I have mentioned the closed-end fund IGR before, and now is a good time to bring them up again… IGR is the “ING/Clarion Global Real Estate Income Fund”. While the full name is a mouth-full, it is quite a good fund, and a good fund to know about.

If you like REITs but think that the US based REITs are a bit overpriced or at least late in a bull cycle, you might want to consider diversifying some or all of your holdings into an internationally based fund like this.

The US REIT fund IYR and VNQ are good comparisons, they both track the Dow Jones REIT Index. While IYR currently yields 3.46%, and VNQ yields 1.91%, IGR has a much healthier yield at 6.3%. Oh, but it doesn’t stop there, the 6.3% is from normal monthly distributions — in 2006 it made two special dividend distributions, bringing the total yield for last year to a whopping 15% based on today’s closing price. (For some reason, BigCharts thinks that the yield is nearly 22%, though the dividend schedule and some quick math show that this is not accurate.)

You can take a look at it’s current holdings at morningstar. While it has about 50% of it’s funds in US based REITs, it also owns some harder to acquire REITs based on non-US exchanges. If US REITs face some weakness, the international components should help this fund find profitability, or at least cushion the weakness.

Right now is a pretty good time to buy IGR as the price recently dropped 12% and is at a good buying price. Looking at a 3 year chart for IGR, this type of drop is fairly uncommon, though there have been similar hiccups in the past. For investors, the juicy yield should provide you cushion for further weakness from here…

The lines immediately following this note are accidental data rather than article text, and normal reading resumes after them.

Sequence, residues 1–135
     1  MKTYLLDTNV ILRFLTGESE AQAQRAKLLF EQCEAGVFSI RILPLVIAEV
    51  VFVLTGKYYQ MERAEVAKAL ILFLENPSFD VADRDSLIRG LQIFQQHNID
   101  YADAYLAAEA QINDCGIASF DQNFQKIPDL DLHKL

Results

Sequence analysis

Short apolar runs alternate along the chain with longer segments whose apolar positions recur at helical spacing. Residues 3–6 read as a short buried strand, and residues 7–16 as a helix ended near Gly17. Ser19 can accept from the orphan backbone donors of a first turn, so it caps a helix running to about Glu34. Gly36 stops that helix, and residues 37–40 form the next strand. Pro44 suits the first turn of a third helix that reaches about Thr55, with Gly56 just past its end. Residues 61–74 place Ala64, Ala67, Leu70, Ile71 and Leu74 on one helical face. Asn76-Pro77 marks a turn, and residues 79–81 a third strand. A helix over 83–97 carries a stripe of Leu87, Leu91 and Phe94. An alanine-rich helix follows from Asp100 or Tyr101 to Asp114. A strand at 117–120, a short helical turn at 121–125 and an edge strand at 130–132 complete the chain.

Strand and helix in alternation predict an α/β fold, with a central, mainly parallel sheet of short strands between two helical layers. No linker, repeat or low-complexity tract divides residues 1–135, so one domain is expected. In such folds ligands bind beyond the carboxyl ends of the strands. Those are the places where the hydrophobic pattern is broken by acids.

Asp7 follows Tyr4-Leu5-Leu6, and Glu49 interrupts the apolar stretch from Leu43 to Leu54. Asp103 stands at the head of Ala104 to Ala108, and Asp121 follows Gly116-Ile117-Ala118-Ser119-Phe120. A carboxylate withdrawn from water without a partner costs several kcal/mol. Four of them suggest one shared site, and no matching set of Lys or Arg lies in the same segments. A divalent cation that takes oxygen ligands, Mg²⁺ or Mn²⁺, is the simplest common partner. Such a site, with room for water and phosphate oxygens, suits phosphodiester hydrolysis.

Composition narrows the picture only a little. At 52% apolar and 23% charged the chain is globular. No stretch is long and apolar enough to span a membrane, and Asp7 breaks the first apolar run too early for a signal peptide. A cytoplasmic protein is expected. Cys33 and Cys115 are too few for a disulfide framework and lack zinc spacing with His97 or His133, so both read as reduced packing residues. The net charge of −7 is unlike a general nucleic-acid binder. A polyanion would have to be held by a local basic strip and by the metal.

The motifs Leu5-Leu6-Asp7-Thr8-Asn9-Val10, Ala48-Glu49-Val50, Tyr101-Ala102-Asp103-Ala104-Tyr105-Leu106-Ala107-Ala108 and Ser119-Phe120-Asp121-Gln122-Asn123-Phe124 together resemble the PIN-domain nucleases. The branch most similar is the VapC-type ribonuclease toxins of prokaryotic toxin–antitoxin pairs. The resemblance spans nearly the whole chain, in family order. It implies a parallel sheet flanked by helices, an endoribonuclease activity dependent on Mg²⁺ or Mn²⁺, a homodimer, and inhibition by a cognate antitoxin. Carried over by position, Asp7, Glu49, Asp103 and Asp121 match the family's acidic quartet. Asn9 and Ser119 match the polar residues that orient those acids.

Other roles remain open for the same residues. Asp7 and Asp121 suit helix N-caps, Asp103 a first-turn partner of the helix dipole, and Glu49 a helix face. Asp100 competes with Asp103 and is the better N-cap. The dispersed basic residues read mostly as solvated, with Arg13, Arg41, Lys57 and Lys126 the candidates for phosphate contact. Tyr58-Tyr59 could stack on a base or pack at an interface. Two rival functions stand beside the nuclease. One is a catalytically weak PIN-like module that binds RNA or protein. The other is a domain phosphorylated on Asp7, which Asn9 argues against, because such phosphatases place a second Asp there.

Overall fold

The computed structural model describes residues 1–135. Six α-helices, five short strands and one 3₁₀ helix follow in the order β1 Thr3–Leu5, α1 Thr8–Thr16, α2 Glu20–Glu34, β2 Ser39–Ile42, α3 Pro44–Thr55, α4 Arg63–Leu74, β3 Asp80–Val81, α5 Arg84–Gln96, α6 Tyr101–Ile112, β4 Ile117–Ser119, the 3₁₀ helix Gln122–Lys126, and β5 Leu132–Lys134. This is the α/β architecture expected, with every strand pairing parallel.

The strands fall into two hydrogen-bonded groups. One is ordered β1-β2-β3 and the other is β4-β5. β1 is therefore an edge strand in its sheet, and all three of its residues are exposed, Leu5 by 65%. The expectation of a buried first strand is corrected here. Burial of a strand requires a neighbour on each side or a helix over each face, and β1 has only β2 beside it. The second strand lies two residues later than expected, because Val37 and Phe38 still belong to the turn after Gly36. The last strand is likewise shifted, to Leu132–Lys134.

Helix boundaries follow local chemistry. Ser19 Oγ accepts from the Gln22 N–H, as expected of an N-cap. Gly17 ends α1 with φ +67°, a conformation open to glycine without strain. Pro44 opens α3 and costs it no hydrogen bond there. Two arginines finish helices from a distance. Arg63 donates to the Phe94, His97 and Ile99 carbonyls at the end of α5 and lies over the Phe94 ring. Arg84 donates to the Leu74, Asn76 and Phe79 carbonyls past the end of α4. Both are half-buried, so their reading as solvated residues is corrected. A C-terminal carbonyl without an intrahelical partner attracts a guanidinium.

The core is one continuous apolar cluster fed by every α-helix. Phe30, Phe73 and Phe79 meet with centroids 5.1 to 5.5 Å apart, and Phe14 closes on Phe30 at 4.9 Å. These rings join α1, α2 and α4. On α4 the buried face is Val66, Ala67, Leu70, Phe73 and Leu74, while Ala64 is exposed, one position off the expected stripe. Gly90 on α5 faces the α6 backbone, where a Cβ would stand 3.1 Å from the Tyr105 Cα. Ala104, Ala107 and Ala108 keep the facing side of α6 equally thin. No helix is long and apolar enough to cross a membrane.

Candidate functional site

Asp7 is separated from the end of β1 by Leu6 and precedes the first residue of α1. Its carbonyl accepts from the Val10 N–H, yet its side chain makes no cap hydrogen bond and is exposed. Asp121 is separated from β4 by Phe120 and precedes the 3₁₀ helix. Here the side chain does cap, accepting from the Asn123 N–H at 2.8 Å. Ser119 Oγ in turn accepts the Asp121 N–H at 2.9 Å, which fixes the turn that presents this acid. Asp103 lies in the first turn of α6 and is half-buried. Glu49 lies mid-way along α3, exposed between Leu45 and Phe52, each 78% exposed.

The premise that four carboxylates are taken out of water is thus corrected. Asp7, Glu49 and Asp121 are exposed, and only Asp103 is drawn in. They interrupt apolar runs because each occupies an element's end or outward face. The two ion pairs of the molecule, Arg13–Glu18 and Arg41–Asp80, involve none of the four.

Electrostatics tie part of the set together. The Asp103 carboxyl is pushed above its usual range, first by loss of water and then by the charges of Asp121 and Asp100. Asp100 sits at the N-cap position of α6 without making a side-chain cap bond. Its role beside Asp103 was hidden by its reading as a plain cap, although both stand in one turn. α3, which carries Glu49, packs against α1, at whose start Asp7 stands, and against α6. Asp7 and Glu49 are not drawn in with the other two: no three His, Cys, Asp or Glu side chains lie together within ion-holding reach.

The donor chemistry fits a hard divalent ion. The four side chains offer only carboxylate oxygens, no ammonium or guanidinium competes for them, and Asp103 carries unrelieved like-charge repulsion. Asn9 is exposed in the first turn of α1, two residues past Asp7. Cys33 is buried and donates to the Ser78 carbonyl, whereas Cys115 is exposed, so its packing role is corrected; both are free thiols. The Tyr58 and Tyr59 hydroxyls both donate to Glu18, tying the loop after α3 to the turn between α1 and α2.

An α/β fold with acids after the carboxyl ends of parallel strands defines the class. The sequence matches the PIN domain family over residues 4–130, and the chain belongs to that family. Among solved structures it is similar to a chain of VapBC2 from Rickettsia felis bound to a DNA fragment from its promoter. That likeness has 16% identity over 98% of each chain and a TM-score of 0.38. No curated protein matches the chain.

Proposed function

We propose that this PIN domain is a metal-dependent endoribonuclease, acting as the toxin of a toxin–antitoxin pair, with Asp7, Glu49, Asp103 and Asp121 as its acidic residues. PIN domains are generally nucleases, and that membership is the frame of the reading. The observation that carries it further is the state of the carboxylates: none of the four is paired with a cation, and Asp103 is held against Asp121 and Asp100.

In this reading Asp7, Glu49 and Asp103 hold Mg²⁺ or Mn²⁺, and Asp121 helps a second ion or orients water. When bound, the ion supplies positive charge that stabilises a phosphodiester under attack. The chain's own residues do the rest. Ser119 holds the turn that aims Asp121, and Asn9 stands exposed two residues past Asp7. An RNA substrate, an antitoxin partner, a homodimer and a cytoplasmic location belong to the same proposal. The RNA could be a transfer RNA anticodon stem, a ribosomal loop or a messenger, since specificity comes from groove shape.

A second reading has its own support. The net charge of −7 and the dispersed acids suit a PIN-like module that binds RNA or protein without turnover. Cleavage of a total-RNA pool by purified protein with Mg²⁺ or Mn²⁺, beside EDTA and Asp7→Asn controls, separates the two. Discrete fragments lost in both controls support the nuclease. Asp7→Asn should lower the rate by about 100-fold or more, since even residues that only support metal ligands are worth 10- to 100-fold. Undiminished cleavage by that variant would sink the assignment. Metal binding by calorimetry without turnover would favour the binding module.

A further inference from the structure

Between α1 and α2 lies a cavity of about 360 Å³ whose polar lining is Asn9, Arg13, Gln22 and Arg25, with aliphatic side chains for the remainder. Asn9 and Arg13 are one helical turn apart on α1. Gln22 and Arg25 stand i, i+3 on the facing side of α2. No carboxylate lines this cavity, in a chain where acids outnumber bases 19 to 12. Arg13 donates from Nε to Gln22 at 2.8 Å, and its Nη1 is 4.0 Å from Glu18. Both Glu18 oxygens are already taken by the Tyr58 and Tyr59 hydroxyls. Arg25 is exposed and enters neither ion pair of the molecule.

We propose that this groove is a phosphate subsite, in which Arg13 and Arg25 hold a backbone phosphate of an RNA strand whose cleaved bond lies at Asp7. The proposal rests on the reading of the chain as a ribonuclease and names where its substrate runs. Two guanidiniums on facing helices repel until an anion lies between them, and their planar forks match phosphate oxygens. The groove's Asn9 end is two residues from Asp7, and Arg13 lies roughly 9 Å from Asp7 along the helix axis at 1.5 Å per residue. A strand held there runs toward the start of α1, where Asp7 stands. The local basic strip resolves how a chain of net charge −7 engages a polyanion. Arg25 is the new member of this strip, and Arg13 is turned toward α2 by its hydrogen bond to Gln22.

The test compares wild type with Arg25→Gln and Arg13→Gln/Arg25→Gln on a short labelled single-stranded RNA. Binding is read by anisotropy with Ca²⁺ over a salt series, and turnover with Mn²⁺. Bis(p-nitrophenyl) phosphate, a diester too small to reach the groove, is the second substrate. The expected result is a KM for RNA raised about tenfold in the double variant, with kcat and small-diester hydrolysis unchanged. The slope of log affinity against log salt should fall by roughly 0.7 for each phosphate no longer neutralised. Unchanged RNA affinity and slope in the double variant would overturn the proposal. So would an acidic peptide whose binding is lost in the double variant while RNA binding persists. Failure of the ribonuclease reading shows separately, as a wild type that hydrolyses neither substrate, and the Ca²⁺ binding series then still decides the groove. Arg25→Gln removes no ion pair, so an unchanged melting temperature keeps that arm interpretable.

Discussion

As we actually could be at a turning point in REITs or the broad stock markets right now, it wouldn’t hurt to keep the exit door in sight if you choose to invest in IGR…

Friday’s downward surge found a bid in the mid-21s, which is also coincidentally close to both the 50 day moving average and the short-term peak at the end of October. I would consider selling IGR if it closed below $21 a share (or if you want to give it additional room, you could use support in the $19 range). The idea here would be to sell and wait for the uptrend to re-commence with conviction before risking your capital. The $21 range is 4% away, and $19 is 13% away — if we’re wrong we should know quickly and be able to exit with a small loss.

If you’re not a trader but rather a buy-and-holder, the yield on IGR and the relative out-performance of IGR:IYR should give you good reasons to consider IGR for at least some of your REIT investments.

The fund is closed-end, which means that it can trade at a premium or discount to its net asset value (NAV). Thanks to the recent drop in price, the premium has now disappeared and it is back to trading on par with the NAV. If you’re patient you could wait to see if the fund returns to the pre-June standard of an 8% discount to NAV.

I have owned shares of IGR for the last few months… and while the 12% drop in price was very painful to experience, I think the price change provides an opportunity to buy this fund at a good price again.